A reality check when you first examine the feasibility of your business idea, which forces you to consider all relevant factors.
Just as a person seeking a job prepares a resume that outlines qualifications, experience, and other relevant information, a business will have a variety of uses for a “resume” of its own. The business plan is that resume. To the extent that it reflects the reasonable plans of a carefully managed business, it gives its audience a positive image of what your business is and what it can be expected to do.
For vendors and suppliers. When you negotiate with a key vendor or supplier, you’ll want to obtain the best prices possible and terms that permit you to defer payment for some period and/or obtain a discount by prompt payment. The terms you’ll be able to negotiate will depend in large part on the vendor’s practices and on the vendor’s perception of your desirability as a customer. Factor number one in that perception is your ability to pay for what you buy. A business plan that demonstrates that your business will have the cash flow to honor its obligations can do a lot for you.
A secondary factor is your staying power as a customer. If a supplier thinks it will get a lot of business from you in the future, it’s more likely to give you a good price and extend favorable terms.
For lenders. Starting a new business, or expanding an existing one, may require more money than you can get together on your own. This means turning to an outside source for financing. While you might consider taking on a partner or finding an investor, you’ll most likely go to a bank for a loan. The very first thing that you’ll be asked for is a copy of your business plan.
If you’ve been in business for a while and you need financing to expand into a new market or introduce a new product or service, your business plan will illustrate the successful operations that got you where you are today. That track record provides strong support for the projections you provide regarding your business’s new venture.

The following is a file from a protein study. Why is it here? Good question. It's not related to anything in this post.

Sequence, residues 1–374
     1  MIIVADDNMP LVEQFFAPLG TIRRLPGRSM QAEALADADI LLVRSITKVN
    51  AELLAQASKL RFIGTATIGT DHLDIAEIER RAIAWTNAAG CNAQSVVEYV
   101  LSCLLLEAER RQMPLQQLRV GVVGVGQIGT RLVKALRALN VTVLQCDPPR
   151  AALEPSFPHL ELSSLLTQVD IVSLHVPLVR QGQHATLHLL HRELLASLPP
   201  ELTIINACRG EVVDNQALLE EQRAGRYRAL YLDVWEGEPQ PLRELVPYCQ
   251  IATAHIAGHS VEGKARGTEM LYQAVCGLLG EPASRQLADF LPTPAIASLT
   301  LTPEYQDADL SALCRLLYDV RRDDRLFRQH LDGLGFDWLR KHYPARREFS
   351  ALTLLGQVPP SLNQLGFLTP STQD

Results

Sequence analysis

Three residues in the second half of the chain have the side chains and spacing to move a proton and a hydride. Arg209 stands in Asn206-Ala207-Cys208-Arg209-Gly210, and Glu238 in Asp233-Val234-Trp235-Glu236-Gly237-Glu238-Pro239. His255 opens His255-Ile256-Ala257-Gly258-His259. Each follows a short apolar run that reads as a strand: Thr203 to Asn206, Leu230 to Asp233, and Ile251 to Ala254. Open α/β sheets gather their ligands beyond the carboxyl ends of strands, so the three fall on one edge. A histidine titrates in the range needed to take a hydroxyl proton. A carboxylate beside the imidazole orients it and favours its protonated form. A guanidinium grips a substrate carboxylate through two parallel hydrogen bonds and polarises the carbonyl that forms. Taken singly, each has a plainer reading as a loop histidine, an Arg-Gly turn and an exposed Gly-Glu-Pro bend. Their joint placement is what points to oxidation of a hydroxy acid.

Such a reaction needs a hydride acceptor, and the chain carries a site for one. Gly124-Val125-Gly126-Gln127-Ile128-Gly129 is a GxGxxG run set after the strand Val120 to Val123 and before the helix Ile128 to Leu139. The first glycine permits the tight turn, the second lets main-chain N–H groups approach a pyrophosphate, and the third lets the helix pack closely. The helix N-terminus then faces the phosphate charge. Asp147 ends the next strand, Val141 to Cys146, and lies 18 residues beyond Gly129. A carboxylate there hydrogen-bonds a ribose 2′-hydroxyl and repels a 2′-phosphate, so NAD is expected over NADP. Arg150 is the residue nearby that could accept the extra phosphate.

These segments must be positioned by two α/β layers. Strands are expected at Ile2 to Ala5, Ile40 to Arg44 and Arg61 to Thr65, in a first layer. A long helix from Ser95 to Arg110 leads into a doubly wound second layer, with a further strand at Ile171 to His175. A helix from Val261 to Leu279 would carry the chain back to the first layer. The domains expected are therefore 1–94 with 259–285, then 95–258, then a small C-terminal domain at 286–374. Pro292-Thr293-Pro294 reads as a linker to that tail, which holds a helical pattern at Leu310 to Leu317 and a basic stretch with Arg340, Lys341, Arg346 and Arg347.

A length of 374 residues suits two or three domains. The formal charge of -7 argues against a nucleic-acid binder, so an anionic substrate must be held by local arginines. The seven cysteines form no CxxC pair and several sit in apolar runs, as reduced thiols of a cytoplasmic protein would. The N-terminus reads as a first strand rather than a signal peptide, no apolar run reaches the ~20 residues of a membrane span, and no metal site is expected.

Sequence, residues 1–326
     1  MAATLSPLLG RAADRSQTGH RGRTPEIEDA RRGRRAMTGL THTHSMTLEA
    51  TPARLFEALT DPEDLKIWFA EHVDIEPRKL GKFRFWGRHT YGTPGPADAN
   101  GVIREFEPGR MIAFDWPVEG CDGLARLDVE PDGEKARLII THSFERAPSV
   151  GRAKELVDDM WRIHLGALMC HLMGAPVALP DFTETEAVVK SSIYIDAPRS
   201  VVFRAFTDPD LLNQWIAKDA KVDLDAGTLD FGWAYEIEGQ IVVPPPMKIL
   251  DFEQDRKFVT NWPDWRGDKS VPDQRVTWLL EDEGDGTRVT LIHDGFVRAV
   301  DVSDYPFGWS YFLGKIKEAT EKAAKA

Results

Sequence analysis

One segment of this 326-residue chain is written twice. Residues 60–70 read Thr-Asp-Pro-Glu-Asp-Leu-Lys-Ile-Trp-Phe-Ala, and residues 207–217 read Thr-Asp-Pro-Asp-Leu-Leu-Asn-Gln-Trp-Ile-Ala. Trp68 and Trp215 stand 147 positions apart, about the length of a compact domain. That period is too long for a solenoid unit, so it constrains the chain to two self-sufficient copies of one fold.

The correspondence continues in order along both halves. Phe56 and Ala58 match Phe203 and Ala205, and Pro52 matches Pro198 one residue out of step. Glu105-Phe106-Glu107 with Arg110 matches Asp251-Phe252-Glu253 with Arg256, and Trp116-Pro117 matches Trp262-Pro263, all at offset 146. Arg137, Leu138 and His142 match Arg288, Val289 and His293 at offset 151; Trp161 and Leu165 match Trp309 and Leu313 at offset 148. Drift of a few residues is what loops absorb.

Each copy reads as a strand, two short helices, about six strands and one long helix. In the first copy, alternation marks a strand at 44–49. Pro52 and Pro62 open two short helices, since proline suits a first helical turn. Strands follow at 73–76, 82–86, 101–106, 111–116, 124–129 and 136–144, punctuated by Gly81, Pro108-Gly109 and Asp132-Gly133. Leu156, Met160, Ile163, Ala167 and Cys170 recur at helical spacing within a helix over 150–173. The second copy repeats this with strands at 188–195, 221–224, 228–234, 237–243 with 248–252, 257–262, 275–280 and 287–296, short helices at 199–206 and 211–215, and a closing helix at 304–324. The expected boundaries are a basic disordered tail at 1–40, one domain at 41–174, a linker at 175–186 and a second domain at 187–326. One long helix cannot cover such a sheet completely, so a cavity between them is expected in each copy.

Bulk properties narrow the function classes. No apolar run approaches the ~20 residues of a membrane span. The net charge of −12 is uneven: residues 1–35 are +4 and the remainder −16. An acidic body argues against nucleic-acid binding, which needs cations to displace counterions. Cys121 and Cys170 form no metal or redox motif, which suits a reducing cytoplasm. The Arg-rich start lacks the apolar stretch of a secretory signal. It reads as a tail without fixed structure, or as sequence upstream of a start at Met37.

If you’re just starting out, you won’t have the benefit of a history of successful operations. In the past, this made banks very hesitant to lend money to unproven businesses. However, bankers are becoming more open to financing startup operations because much of their new business is coming from this business sector. As with an existing business, a business plan is essential to getting this type of financing. It is one of the first things that a potential lender will want to see (along with a list of your personal assets!). A good idea, presented in a carefully drafted business plan, can be a very persuasive tool.
Venture capitalists, prospective partners or shareholders, and even relatives who might loan money or invest in your business will likely want some assurances that they have used their money wisely. A business plan demonstrates how their money will be used, and what they, and the business, can expect in return. If you expect an ongoing need for funding, showing that the business is meeting or exceeding planned goals can help you build the proven track record that might let you borrow under more desirable rates and conditions.
For prospective employees. Portions of a business plan can also serve to introduce prospective employees to your business. Particularly if you intend to hire long-time or high-level employees, you’ll want to present a fair picture of what your business is and what types of work need to be performed. You can also establish expectations regarding income and growth opportunities based on the plan’s projections.